Japan’s economic overhaul is inspired by Uber and rainbow bagels

Take a bite of some sustained, economic inventiveness.
Take a bite of some sustained, economic inventiveness.
Image: EPA/Justin Lane
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Japan’s tepid growth, depressed economy, and overworked population has been a problem for decades—but Shinzo Abe is confident his nation is on the brink of change.

“A year ago, was there anyone who imagined Aaron Judge would become so enormously successful?”

On Sep. 20, prime minister Abe addressed a hall full of suited, attentive financiers at the New York Stock Exchange to give an update on Japan’s economy. The muffled laughter and raised eyebrows suggested an inaudible “no” to Abe’s question. But, of course, defying expectations, the phenom broke the New York Yankees rookie home run record set by the legendary Joe DiMaggio more than 80 years ago.

It’s this kind of unexpected change Abe thinks will end the deflationary spiral and shrinking workforce plaguing Japan. “It’s absolutely possible to break down even a massive wall that everyone feels is insurmountable,” he said.

Without missing a beat, Abe then likened himself to another sports hero, Yoshihide Kiryu, the fastest sprinter in East Asia who broke the “10-second barrier.” Abe, too, wants to break the metaphorical economic barriers standing in the way of sustained, healthy growth. Abenomics, coined to describe Abe’s economic agenda—is definitely extreme. The Bank of Japan is pumping an extra ¥80 trillion ($711 billion) (pdf) into the system each year, with its total assets valued at a whopping 70% of Japan’s GDP.  (The size of the US and UK’s central bank balance sheets never surpassed more than 25% of their respective GDPs.)

But Abe, Japan’s prime minister since 2012, doesn’t think traditional stimulus packages will suffice. He’s envious of the kind of entrepreneurial, willing-to-fail mindset that dominates Silicon Valley, and the wildly successful companies that have emerged because of it. In Japan, big companies still dominate, so the dream for young, ambitious people is an established, tenured career.

Abe’s plan to disrupt Japan’s work culture is simple—bring other people in. Japan is accelerating visa screenings for professionals to under 10 days, and putting in the groundwork so that, once relocated, expats can easily acquire green cards.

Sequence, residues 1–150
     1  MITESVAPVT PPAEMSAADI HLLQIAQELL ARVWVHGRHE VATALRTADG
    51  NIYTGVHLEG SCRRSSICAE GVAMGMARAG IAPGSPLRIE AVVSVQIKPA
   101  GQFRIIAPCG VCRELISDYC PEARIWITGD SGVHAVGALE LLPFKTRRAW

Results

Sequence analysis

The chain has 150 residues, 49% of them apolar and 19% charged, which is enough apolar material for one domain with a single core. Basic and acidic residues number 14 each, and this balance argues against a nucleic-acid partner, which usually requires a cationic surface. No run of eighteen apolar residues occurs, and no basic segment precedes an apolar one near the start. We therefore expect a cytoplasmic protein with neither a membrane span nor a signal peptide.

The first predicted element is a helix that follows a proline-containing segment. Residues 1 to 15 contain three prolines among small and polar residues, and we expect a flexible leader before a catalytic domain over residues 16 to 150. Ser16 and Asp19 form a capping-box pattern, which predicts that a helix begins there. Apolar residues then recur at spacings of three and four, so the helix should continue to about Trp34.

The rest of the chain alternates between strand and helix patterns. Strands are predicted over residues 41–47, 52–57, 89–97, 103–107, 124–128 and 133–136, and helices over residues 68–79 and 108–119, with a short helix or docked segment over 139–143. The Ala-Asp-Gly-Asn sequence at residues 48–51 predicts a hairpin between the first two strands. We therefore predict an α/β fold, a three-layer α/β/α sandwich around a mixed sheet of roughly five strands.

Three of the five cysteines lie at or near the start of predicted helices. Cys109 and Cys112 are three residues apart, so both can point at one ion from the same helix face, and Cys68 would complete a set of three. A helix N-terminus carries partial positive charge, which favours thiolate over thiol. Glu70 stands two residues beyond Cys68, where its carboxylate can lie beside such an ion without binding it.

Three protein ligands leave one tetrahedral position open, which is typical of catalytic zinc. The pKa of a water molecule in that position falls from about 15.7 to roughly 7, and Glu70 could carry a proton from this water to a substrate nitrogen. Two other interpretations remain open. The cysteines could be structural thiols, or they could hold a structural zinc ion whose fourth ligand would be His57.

But what’s so tough about enabling tech inventiveness is it’s often unforeseeable.

“Four years ago, who would have predicted that huge lines would form outside The Bagel Store in Brooklyn in order to upload a rainbow bagel on Instagram?” Abe asked the crowd of bankers and reporters. Would people have predicted Uber, either? he wondered.

His solution? Make Japan a “sandbox”—a place where the venture capitalists of the world can experiment, make a mess, and play. He wants to foster fintech in Japan by dropping the red-tape and regulations that hinder innovation in other countries, and give VCs a regulation-free, trial-and-error phase.

Japan, of course, has other reasons for wanting to bring outsiders in—by 2050, the Japanese population is estimated to have shrunk by 20 million. The workforce also struggles to support women (though this is beginning to change).

Abe is aware of these dismal demographic trends. His plan is to tap into the entrepreneurial energy of the aging workforce. Masako Wakamiya, who made an appearance at this year’s Apple conference, invented an app at 81. Abe also was quick to remind us that emoji, now universal and displayed as modern art, was the brainchild of Japanese developers.

He’s also redirecting social security, the benefit paid out to retirees, to the working generation. Abe aims to make education free for low-income households and send Japan’s young to Silicon Valley so they can bring its tactics home.

But make no mistake, Abe still needs foreign investment to flood Japan. Net foreign investment in Japan marked an all-time high in 2016, at ¥27.8 trillion, but it’s still below Abe’s stated goal of ¥35 trillion by 2020. He urged the audience to send capital his way, and insisted that living in Tokyo wasn’t all that expensive. The cost of living in Tokyo is lower than Singapore’s, he reminded the crowd. (Rankings from the 2017 Mercer Cost of Living Survey disagree.)

Abe ultimately seeks inspiration from an American hero. He shared the words of basketball icon Michael Jordan, “I can accept failure. Everyone fails at something. But I can’t accept not trying.”